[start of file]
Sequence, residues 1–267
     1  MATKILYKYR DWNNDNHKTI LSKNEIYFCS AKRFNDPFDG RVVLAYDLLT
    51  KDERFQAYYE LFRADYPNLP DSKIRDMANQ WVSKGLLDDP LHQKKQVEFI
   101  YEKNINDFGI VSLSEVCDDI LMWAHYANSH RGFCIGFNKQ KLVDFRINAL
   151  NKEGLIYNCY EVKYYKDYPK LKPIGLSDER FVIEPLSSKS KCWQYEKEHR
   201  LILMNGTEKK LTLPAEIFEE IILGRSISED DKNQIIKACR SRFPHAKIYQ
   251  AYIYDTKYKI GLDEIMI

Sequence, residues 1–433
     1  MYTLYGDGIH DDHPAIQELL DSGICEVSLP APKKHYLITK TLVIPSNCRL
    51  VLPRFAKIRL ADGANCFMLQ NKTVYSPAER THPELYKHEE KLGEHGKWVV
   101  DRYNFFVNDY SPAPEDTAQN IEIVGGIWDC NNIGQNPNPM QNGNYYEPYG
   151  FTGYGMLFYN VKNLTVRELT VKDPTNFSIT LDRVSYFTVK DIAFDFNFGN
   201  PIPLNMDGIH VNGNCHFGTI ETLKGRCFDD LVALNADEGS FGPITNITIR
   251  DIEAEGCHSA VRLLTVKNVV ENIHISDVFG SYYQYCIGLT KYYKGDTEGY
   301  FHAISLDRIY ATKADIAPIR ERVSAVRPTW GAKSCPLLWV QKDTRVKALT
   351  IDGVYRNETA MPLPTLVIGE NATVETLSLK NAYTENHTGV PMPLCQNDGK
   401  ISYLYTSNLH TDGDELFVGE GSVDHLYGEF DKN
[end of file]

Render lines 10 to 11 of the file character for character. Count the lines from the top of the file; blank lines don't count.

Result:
    51  VLPRFAKIRL ADGANCFMLQ NKTVYSPAER THPELYKHEE KLGEHGKWVV
   101  DRYNFFVNDY SPAPEDTAQN IEIVGGIWDC NNIGQNPNPM QNGNYYEPYG